This page summarises the known distribution of locusts during November 2017 and provides a brief outlook to February 2018. Regional information and forecasts are given in the
latest locust bulletin.
Locust densities remained low in all surveyed regions during November. Despite rainfall producing more favourable habitat conditions in many areas, only low density adults and very few nymphs were identified during surveys. Locust numbers remained low in the Central West, Northwest Plains, Riverina and Far Southwest of New South Wales, South Central and Southwest Queensland, and in the Far North, Northeast and Northwest regions of South Australia. Some low density egg laying is likely to have occurred during late October and November, so moderate increases in population from a very low base level are likely during December and January.
In New South Wales, survey of the Central West and Northwest Plains recorded low density adults and only occasional nymphs. Survey of the Far Southwest and Riverina regions in late November identified low density adults in most areas, but localised medium density young adults and occasional nymphs were recorded in the Ivanhoe district.
Surveys in Southwest, Central West and Northwest Queensland identified very few adults and no nymphs were detected. Survey in South Central Queensland in mid-November identified more consistent low density adults.
In South Australia, surveys in mid-November identified only occasional adult locusts in the Far North, Northwest and Northeast regions.
Survey of Northwest Victoria in late November identified low density adults.
In Western Australia, fledging of spring generation nymphs produced medium density adults in several areas of the Central Agricultural Region.
The outlook for summer is for population densities to remain generally low in all regions of inland eastern Australia. Localised breeding is likely to occur in habitat areas that receive heavy rainfall in December and this will result in small regional population increases. Breeding is likely to continue during summer and autumn, but given the current very low population densities there is a low risk of widespread regional infestations developing during summer, and a very low risk of swarms affecting agricultural regions across several states in autumn. The probability of a late summer or autumn nymph generation, which could result in localised dense infestations, will depend on the development of nymphs during December. Seasonal rainfall forecast models suggest an average rainfall expectation over coming months and a sequence of rainfall events during summer could result in significant population increases in autumn.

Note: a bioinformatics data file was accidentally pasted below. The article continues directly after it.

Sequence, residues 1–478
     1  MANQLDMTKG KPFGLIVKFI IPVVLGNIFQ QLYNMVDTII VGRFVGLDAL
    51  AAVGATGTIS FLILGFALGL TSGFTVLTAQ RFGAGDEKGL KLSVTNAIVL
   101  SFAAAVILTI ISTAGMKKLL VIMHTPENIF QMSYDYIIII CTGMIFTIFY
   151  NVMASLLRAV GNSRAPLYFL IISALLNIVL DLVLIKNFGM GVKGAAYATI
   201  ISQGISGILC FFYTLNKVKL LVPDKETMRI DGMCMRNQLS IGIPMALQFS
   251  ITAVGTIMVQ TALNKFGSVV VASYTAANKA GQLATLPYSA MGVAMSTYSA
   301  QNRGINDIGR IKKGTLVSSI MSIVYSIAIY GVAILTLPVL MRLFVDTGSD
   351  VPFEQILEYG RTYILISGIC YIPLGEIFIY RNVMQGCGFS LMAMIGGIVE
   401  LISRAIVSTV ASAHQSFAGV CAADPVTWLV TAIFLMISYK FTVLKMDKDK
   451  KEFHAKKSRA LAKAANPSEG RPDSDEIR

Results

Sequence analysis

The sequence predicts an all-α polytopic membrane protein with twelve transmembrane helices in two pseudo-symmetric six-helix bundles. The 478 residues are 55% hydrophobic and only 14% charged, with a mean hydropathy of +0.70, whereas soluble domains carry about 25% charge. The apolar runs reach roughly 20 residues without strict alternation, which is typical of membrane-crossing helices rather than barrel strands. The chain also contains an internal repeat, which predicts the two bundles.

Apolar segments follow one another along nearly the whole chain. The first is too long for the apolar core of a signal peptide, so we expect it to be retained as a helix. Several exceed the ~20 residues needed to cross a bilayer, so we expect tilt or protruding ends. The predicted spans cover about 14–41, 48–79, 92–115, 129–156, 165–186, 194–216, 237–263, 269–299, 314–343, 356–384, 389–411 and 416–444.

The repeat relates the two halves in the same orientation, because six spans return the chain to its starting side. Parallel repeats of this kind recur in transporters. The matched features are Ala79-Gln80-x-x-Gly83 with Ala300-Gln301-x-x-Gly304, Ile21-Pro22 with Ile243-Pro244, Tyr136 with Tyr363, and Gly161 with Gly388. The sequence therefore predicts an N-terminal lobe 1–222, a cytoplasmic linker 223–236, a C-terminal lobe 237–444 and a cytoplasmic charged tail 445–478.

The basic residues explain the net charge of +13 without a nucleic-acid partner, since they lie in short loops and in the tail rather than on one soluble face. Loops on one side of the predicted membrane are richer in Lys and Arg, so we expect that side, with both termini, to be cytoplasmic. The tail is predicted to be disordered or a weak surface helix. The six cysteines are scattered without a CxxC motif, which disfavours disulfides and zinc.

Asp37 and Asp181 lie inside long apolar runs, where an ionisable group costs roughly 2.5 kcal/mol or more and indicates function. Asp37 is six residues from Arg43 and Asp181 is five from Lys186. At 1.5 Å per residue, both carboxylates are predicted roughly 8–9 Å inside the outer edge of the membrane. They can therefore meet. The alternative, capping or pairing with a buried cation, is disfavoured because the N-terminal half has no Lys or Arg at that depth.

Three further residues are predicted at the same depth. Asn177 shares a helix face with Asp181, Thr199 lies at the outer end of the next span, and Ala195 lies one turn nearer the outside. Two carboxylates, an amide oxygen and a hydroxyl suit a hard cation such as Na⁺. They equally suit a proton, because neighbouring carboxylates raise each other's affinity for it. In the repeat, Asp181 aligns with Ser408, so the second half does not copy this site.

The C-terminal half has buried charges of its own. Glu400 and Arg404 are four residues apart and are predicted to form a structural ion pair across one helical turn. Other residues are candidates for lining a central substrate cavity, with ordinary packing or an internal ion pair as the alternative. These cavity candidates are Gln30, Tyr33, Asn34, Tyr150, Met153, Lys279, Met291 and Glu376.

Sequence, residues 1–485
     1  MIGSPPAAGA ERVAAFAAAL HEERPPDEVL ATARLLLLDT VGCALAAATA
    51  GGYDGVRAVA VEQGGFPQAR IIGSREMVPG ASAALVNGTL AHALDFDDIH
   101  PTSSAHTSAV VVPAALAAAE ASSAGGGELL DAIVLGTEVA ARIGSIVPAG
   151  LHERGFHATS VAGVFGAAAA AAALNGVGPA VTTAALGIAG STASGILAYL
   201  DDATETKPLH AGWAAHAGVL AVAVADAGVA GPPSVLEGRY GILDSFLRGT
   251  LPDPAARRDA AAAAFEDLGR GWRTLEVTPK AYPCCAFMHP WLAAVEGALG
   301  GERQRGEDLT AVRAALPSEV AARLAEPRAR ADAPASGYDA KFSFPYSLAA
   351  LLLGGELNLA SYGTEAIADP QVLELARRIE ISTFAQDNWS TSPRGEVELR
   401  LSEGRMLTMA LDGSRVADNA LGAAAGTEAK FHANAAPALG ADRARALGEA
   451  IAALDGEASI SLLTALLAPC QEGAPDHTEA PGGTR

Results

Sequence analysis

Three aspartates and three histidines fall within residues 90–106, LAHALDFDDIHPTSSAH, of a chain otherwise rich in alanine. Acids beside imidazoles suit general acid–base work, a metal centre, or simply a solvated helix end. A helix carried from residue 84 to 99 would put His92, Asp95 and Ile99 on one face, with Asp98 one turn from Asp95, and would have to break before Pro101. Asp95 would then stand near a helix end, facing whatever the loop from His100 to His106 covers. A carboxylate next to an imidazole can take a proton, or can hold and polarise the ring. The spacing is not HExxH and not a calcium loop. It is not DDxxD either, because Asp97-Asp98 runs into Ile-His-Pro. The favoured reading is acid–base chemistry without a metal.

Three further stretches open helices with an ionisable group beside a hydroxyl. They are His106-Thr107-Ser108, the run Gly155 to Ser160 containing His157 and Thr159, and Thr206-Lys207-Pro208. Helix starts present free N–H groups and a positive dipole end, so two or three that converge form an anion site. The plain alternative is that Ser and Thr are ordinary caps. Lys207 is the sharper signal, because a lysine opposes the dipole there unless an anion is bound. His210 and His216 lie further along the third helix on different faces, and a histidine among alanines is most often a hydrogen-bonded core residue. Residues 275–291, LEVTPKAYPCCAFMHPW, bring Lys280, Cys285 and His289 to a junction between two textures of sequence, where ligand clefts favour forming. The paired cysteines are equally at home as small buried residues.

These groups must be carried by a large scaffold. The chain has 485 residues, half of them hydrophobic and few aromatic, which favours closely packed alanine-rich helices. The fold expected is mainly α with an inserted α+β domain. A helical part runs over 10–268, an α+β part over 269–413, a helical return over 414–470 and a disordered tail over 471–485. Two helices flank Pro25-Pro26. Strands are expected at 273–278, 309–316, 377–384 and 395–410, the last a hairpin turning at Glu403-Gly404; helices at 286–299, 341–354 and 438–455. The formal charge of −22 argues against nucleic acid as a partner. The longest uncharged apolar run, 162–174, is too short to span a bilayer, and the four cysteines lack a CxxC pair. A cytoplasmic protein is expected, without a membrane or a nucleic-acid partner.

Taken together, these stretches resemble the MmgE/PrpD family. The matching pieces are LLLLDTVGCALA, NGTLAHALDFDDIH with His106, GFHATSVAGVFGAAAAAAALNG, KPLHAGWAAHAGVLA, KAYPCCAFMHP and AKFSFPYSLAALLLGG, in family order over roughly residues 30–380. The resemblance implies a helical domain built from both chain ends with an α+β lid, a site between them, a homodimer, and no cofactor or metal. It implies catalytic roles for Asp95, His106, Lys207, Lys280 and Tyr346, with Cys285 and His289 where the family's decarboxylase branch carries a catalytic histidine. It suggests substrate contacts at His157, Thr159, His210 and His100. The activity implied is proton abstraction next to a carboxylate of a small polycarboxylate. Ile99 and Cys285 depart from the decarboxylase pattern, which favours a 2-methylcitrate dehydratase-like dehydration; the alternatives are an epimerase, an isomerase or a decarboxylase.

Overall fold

There is a widespread low density population of adults in inland Queensland, with medium densities in Northwest and Central West regions. Surveys in November identified consistent Isolated–Scattered density adults in Southwest and South Central Queensland. Scattered–Numerous density adults were identified in the Richmond, McKinlay and Flinders Shires. Samples showed females were developing eggs. Occasional adults were recorded in the Far North and Northwest regions of South Australia and in Far West New South Wales.
Migrations and local swarm movements of over-wintered adults often occur during spring and early summer. The Central Highlands has not been surveyed since September, when only low density adults were recorded, and adult densities are likely to have increased as a result of redistribution and aggregation. Rainfall in recent months, particularly in the Queensland Central West, Central Highlands and South Central regions, created favourable habitat conditions for the commencement of breeding. Nymphs are likely to develop in several regions of Queensland during December. Females can lay multiple times during summer, usually following significant rainfall. Nymphs of this species do not usually aggregate to form cohesive bands, but can reach densities of 30/m2 in favourable habitats.
There is a low risk of swarms developing in or migrating to agricultural regions during summer. The likelihood of an overall population increase during 2017-18 will depend on the frequency and persistence of rainfall during the northern wet season.
Low numbers of this species were identified at one location near Taroom in South Central Queensland during November. Previous surveys in the Central Highlands identified low number of adults at several locations south of Emerald. Populations of this species are commonly found in these regions and rapid population increases are possible in favourable habitat. Gregarious populations can occur at local scales and are often associated with forage or cereal cropping.
The heavy rainfall in the Central Highlands and South Central regions of Queensland over recent months produced suitable soil and vegetation conditions for breeding. Small gregarious populations could develop in localised areas of these regions during 2017-18. However, there is currently a low risk of a widespread infestation developing during summer.